During Monday’s House Committee meeting, Maricopa County Recorder Helen Purcell and Arizona Secretary of State Michele Reagan faced claims of disenfranchisement and suppression.
Immediately following the Arizona Presidential Preference elections on March 22, Arizona representatives scheduled a meeting to investigate what led to reduced poll locations from over 200 stations in 2012, to only 60 in 2016.
“I want to begin by again apologizing for what took place on March 22, for the long lines, for the inconvenience (we put on) our voters,” Purcell said in the meeting. “It was my responsibility to put this election on in Maricopa County and we obviously made some mistakes.”
Packed room for the House Committee Meeting. Recorder Helen Purcell to speak. pic.twitter.com/cNcHez3QVE— Ben Flores (@BenFlores21) March 28, 2016
The reduction in polls caused lines in which voters waited 3-6 hours before they could cast their ballots. Some reports of elderly voters fainting and disabled persons not being able to vote due to long waits in line came to the forefront of the night's news coverage.
Of the 60 polling locations, none were in Rep. Jonathan Larkin’s legislative district 30, which rests in south Phoenix between Dunlap Avenue and Adams Street along Interstate 17. Nearly 100 audience members mentioned “disenfranchisement.”
These audience members also said only affluent areas received polling locations, while in other areas polls were absent.
Voters’ registration also came into question, with the House Committee placing blame on Purcell’s staff inputting wrong information for hundreds of people. Some voters would arrive at the polls and their identification would be switched from Democrat to Republican, or from Democrat to Independent, and any other combination in between.
Rep. Michelle Ugenti-Rita, who chairs the House Committee meetings, asked Purcell why the polls were cut so drastically, and Purcell said there were more voters who showed up to the polls than the recorder's office expected.
“The increase from 2008-2016 in the number of people who are eligible are on the permanent voting list,” Purcell said. “Those people will already be getting a ballot and they obviously should not be going to the polls on Election Day.”
Larkin said the recorder's office should have been more prepared, as there were many campaigns in Arizona throughout the last few weeks.
“We saw Trump rallies — we saw people come out for Hillary (Clinton), saw thousands for Bernie (Sanders) and I don’t understand why that wasn’t calculated in your polls,” Larkin said.
Purcell said the recorder's office set up polls well in advance and weren’t aware that the campaigns would bring so many voters to the polls.
Purcell said the office had bills in the legislature — though she did not cite a specific bill or whether or not they were passed — and that they still weren’t able to receive proper funding. She said they received no word from the governor’s office on whether they would receive funding.
According to Arizona Revised Statutes, the number of polling places for the presidential preference election are determined according to the number of active registered voters on Jan. 1 of presidential preference election years.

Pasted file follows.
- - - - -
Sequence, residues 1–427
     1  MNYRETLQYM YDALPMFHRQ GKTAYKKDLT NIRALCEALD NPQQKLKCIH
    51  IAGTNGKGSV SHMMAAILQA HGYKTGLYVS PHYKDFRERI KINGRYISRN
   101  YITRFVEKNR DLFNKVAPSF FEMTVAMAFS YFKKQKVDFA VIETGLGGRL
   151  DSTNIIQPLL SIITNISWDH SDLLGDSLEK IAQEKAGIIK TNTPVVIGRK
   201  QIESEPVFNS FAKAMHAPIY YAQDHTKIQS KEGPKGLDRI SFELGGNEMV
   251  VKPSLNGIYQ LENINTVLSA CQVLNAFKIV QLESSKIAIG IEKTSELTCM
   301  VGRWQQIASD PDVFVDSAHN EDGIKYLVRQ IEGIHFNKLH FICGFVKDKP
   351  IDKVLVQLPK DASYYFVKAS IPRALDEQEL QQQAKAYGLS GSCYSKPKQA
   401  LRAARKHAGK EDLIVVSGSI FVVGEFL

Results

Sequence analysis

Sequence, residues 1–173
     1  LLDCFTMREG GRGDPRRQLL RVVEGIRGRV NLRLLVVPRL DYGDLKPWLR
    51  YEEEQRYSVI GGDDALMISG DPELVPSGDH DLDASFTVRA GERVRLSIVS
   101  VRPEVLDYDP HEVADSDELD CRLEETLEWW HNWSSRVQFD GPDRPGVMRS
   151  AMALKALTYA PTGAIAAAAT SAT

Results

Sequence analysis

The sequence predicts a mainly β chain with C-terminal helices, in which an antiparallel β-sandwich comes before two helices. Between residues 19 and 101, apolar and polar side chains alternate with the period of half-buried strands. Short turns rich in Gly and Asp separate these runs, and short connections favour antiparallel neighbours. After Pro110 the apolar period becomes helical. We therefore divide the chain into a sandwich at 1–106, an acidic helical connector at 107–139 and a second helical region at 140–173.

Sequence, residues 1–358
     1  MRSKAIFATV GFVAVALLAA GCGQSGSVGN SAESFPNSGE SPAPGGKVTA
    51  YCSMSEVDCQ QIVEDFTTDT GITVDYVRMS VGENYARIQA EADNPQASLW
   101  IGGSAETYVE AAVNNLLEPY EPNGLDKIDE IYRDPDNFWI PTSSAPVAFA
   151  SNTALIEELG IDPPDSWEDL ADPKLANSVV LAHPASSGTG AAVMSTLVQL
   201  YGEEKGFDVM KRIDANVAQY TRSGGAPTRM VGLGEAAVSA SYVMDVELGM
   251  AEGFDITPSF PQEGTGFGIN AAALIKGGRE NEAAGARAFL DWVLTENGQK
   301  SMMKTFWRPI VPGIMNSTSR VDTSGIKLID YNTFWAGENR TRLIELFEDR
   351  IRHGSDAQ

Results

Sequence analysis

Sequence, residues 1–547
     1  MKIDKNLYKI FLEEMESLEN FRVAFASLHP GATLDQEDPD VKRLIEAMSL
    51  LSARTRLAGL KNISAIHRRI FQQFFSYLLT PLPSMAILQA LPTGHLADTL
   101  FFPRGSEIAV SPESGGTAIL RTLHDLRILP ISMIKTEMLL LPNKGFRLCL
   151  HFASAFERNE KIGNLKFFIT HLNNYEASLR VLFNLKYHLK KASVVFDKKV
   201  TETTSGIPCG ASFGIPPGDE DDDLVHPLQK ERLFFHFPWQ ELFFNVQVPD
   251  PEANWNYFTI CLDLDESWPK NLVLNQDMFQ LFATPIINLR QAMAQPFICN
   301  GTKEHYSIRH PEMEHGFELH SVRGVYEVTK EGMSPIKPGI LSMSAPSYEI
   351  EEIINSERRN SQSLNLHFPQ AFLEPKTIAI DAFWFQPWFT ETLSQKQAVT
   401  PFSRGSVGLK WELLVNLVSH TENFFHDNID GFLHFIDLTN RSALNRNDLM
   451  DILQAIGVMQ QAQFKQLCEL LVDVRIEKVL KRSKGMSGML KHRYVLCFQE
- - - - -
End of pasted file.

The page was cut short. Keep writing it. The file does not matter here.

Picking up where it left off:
Maricopa County had approximately 1.5 million registered voters at the time of the election, but Maricopa County doesn’t fall under this statute, legislative district 24 Rep. Ken Clark said.
“Other counties require one polling place for every 2,000 people," Clark said. "That is not required in Maricopa County, so it’s much more open for how many polling places (Maricopa County) can have."
When Clark asked Purcell if the Department of Justice would have been OK with there being over 2,000 people in one polling location, Purcell said, “I didn’t think of that.”
Shayna Stevens, the executive director of the Arizona Students Association, was the first public speaker of the day, and said students' abilities to vote were hindered by the polling process this year.
“One of the things we work on every single year is registering students to vote and ensuring that they are civically engaged in our governmental processes,” Stevens said. “A lot of their ability to be engaged and actually vote in this election was inhibited.”
Reagan, like Purcell, also apologized to the public. Reagan said one of the polling websites, Voterview, was not working, and that they are "taking steps right now to make sure it is working for the May 17 election."
She also said the website did not allow lowercase writing for the driver’s license number, meaning that when people tried to check their license number and verify their voting eligibility, the site would fail.
She also said the website prematurely called the election results, despite there being thousands of voters still in line.
“I’ll take responsibility for when our website said 100 percent precinct reporting, and that will be fixed,” Reagan said. “They called (the race) because they were doing math.”
Reagan referenced the proposed state budget which would allow her the proper funding for the elections, but after this election cycle, the parties would have to find their own source of money.
“If an election is going to be funded by the taxpayers than every voter should be allowed to participate,” Reagan said.
ASU students can attend public meetings that will be held in Tempe and the South Scottsdale area if they had any issues voting in the presidential preference election and want to express their opinions to public officials.
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